AAHL CSIRO-DEAKIN COLLABORATIVE (ACDC) LABORATORY
Research in the laboratory is primarily focused on understanding immune responses following virus infection and vaccination. The main scientific aim is to carefully dissect immune responses following infection and vaccination to determine relevant immune correlates of protection in order to drive innovative strategies for future vaccine development.
- Evaluation of low and high pathogenicity A/H5N1 influenza virus infection and implications for human health
In 2009, pandemic H1N1 influenza virus crossed the species barrier resulting in a mild infection and death in susceptible populations. Avian H5N1 influenza virus infection also has the potential to cause a human pandemic. Currently 60% of humans and all chickens die after infection. Surprisingly the duck is less susceptible and the reasons for this are not well understood. By studying the immune responses in ducks, chickens and other models used to represent human infections (ferret and mouse) we aim to discover the parameters essential for survival.
- Identification of pathogenicity and virulence determinants for swine-origin H1N1 influenza virus
Reverse genetics technology allows scientists to dissect virulence, pathogenicity and immunity. This technology is currently being used to dissect the contribution of swine-origin H1N1 09 influenza A virus gene segments to virus replication and pathogenicity.
- Recombinant influenza viruses as HIV vaccine vectors
Dr Stambas has a strong track record in the development of HIV vaccine strategies. HIV usually gains entry into the human body via mucosal sites, more often than not, the genital tract. By manipulating the genes of influenza A viruses, we haved introduce HIV epitopes/proteins to these viruses for use as vaccine delivery vehicles. This has stimulated immune responses at the site of viral entry that might in turn prevent infection. We are currently comparing routes of vaccination (nasal and genital tract) in murine models to determine the best available strategy. The quality of virus-specific lymphocytes generated following vaccination is being evaluated using cutting-edge technology. Promising strategies continue to be assessed into the non-human primate model through a long-standing and very successful collaboration with Professor Stephen Kent, University of Melbourne.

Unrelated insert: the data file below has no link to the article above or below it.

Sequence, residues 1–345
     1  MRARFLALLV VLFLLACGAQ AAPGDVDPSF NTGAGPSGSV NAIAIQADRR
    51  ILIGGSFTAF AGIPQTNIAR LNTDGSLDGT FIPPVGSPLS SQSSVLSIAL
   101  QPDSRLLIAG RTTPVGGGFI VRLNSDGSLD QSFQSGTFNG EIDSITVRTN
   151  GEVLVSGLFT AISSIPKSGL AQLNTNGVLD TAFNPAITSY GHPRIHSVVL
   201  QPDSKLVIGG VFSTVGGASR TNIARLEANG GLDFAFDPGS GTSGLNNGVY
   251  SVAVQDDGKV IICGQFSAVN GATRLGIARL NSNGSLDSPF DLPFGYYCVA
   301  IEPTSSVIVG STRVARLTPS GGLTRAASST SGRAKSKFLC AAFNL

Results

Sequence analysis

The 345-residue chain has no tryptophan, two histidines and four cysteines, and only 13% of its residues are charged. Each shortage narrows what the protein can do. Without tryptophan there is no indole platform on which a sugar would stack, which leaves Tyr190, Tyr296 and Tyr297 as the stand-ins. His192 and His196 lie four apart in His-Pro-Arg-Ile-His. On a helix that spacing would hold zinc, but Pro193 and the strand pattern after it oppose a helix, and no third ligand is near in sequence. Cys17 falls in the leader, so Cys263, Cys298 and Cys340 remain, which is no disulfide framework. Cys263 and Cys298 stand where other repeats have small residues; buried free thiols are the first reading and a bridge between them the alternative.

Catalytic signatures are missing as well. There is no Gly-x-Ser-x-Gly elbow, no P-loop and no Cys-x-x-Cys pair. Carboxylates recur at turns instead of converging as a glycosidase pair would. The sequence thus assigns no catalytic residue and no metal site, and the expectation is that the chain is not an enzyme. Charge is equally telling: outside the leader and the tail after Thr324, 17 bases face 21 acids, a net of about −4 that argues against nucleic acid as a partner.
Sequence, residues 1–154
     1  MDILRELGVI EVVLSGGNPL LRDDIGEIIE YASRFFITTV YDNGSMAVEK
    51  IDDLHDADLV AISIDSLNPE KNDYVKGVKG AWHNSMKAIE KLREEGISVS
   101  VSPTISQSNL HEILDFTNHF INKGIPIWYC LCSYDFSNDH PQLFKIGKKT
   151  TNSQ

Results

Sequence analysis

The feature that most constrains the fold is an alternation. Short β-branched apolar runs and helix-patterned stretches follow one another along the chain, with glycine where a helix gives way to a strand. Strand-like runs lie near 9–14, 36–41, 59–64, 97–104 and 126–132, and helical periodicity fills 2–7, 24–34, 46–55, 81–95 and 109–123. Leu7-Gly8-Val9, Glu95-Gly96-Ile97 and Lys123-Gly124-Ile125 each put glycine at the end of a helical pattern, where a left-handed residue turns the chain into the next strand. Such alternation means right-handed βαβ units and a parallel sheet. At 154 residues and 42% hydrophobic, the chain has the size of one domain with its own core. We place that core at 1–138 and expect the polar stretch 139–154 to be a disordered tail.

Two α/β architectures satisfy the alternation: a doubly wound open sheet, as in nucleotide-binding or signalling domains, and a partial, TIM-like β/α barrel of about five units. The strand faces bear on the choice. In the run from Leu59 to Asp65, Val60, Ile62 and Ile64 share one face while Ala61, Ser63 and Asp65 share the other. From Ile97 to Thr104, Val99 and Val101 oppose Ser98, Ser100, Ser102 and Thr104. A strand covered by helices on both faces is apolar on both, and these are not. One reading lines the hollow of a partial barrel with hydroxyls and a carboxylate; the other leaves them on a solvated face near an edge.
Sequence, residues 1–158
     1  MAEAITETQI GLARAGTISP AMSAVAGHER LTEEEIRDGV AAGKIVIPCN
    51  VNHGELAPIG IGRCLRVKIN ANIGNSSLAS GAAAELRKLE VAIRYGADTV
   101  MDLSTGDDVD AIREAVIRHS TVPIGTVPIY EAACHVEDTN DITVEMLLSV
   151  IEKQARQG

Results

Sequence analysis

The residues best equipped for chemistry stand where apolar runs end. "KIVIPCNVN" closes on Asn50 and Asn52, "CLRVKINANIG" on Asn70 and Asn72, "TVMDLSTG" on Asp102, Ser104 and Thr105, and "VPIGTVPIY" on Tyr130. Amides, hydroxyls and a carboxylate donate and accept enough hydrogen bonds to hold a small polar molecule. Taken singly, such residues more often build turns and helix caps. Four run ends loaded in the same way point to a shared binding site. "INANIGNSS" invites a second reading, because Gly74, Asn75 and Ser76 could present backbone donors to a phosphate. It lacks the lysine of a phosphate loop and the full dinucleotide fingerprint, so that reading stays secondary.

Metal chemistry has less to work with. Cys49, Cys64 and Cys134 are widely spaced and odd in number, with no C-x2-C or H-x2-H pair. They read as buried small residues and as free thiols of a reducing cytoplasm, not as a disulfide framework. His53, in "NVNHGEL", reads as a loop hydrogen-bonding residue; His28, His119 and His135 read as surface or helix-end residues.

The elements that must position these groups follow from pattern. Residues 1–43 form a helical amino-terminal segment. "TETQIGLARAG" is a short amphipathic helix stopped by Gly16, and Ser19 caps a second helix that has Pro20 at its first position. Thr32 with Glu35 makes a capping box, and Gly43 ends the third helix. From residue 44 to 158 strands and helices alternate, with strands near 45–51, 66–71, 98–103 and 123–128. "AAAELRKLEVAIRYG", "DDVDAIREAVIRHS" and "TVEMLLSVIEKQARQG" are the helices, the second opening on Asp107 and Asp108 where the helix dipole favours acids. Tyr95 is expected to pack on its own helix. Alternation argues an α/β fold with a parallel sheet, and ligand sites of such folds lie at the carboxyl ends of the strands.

- Understanding the immune response to Hendra infection
Hendra virus was identified in 1994 in Queensland. In nature, Hendra virus is harboured by Australian flying foxes where it causes subclinical infection. Recent sustained outbreaks in horses in 2011 are now increasing concerns of zoonotic infection. With collaborators at CSIRO AAHL, Dr Linfa Wang and Dr Deborah Middleton, we intend to study pathogenesis and immunity in a newly established mouse model to better understand disease progression in order to develop new therapeutic agents.
Dr Stambas completed his B.Sc (Hons) and Ph.D in the laboratory of Assoc. Prof. Christina Cheers at the University of Melbourne where he trained as a cellular immunologist. He then moved to St Jude Children's Research Hospital in Memphis, Tennessee in 2002 to work for Laureate Professor Peter Doherty where he developed his skills in viral immunology and HIV vaccine development. Dr Stambas returned to Peter Doherty's Melbourne laboratory in 2004 where he established cutting edge techniques such as influenza virus reverse genetics and the in vivo cytotoxicity assay. In 2008, Dr Stambas was awarded a prestigious three year, University of Melbourne, Faculty of Medicine, Dentistry and Health Sciences C.R. Roper Fellowship that he relinquished in November 2009 to take up a Senior Lecturing position at Deakin University, School of Medicine. He is the Head of the AAHL CSIRO Deakin Collaborative biosecurity laboratory and is the first joint appointment between the two institutions as part of a signed memorandum of understanding. Dr Stambas is a member of the American Association of Immunologists and Australasian Society for Immunology. He sits on the Immunology Group of Victoria committee. Dr Stambas has been awarded numerous highly competitive research grants including: NHMRC Project Grants, a NHMRC Strategic Award to study swine origin H1N1 influenza virus, a Gates Foundation Grand Challenges Exploration Grant and an Australian Centre for HIV and Hepatitis Virology Research grant. He holds numerous patents and publishes consistently in high impact journals. Dr Stambas has been invited to present his scientific research at local, national and international conferences. He is also an active contributor to the scientific discipline by organising conferences, reviewing papers and supervising graduate students and research assistants.
View Dr John Stambas's publications